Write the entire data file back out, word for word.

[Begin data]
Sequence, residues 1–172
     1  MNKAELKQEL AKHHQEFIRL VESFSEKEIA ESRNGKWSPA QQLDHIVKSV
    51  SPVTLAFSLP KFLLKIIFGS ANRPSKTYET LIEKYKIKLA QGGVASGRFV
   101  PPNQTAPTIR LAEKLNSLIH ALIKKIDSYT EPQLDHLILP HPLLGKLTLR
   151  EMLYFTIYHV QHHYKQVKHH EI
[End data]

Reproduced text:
Sequence, residues 1–172
     1  MNKAELKQEL AKHHQEFIRL VESFSEKEIA ESRNGKWSPA QQLDHIVKSV
    51  SPVTLAFSLP KFLLKIIFGS ANRPSKTYET LIEKYKIKLA QGGVASGRFV
   101  PPNQTAPTIR LAEKLNSLIH ALIKKIDSYT EPQLDHLILP HPLLGKLTLR
   151  EMLYFTIYHV QHHYKQVKHH EI